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Costume Ball: Before they dance across the stage, some of the Puget Sound’s most creative threads shuffle through the workshop of Tacoma designer Lisa Fruichantie.

Fans of dance might not recognize Lisa Fruichantie, but they very well might recognize her work, which has appeared on any number of stages throughout the Puget Sound. The Tacoma resident’s costumes have accompanied the work of choreographers including Joel Myers and Donald Byrd. This month, Fruichantie’s work will be on display at the Triple Door, where members of MLK Ballet, outfitted in costumes that Fruichantie spent much of the fall constructing, will perform a ballet choreographed to the music of the evening’s star, singer-songwriter Vicci Martinez. The performance caps a furious fall for Fruichantie, who also serves as senior projectionist at Grand Cinema. Asked what’s next, the Alaska native says she is enrolling in Tacoma Community College to “get my general education so I can figure out what I am doing when I grow up.” Don’t worry, choreographers; Fruichantie will still be busy in her workshop for the foreseeable future. “I could never stop making costumes,” she says. “I will probably do it forever.”


Photo by Victoria Lahti

1) Headdress
“I designed this for Seattle choreographer Selfick Ng-Simancas. It was for a piece that was based on the ritual of spring at On the Boards in 2008 and again in 2009. I used the headdresses again for Motopony’s CD release party.”

2) Half-Hearted Blouse
“This is part of one of nine costumes for the Triple Door. The piece is about love, so some of these pieces are half-hearts that merge while they are dancing. It was a longer process because the choreographer (MLK Ballet’s Kate Monthy) was not sure exactly what she wanted. I would go to the rehearsals and observe the process, so that each piece matches the dancer’s personality.”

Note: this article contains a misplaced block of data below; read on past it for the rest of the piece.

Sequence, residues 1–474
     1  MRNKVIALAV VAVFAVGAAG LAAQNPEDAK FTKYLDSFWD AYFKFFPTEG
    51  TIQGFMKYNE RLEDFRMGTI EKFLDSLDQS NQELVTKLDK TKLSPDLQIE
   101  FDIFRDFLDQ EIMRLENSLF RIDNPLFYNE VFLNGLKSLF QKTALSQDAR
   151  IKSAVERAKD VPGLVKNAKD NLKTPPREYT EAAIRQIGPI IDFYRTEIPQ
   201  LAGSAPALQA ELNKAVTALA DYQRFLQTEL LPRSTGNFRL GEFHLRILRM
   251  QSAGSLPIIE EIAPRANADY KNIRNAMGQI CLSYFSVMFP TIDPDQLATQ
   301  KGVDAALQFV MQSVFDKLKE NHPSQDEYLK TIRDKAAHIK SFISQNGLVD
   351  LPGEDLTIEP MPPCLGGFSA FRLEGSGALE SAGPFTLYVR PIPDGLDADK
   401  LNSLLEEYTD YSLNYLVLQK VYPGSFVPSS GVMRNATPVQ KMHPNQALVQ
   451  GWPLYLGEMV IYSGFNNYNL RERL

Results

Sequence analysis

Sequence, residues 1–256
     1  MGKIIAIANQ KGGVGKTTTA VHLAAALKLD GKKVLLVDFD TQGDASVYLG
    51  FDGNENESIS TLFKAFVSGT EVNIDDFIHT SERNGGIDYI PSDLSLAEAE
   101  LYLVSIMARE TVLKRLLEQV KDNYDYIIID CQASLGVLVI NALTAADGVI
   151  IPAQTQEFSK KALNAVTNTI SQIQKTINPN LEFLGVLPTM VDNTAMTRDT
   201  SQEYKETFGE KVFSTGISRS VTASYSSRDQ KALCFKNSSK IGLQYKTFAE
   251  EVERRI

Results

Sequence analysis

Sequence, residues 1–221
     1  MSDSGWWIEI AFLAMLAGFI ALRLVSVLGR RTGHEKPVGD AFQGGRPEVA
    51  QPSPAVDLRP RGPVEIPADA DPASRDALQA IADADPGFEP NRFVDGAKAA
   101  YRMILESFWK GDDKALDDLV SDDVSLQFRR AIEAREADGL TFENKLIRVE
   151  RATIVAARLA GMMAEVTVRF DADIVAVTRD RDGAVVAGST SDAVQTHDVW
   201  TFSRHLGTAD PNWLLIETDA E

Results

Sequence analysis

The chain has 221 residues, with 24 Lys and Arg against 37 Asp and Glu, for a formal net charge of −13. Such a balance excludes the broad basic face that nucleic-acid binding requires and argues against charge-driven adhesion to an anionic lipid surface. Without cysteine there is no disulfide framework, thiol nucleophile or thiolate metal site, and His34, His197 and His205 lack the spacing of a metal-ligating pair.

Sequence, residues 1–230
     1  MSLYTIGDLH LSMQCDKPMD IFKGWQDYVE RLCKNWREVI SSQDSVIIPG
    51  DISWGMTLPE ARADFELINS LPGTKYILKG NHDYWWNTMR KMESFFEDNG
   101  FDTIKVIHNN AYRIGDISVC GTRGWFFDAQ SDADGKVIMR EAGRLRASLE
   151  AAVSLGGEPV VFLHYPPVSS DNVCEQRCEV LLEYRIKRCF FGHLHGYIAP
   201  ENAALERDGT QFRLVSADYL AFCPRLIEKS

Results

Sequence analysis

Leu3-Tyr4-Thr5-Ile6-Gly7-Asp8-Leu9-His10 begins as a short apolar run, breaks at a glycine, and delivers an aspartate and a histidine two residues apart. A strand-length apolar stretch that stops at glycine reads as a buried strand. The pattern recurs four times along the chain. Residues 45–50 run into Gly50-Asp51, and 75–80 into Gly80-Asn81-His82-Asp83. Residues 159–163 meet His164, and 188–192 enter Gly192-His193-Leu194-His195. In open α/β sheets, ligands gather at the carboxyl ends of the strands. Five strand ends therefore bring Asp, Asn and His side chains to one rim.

3) Whimsical Dress
“This is one of a few costumes I have made for The Furniture Series by Robin Jacklein, a teacher at SOTA. It’s for a floor piece called “The Chair” that takes place on a large, oversized rocking chair; young girls in pantaloons, playing on their grandpa’s big chair.”

4) Coffee Cozy
“I made a bunch of these for the Cash Flow Show at Mad Hat Tea Company, where they sell local artists’ works for twenty-five dollars and less. They were five dollars each and can fit on your key chain. I sold over twenty.”

5) Local Art
“I have a huge variety of artwork I collect, but it’s all from local Tacoma artists. These pieces are from Roshni Roberts.”

6) Big Bamboo Shawl
“I don’t even know what you would call it. I call it a ‘shrug.’ I made that for Daniel Blue to wear during the Motopony CD release party. It’s supposed to be suggestive of the film Hook. Rufio was the inspiration.”

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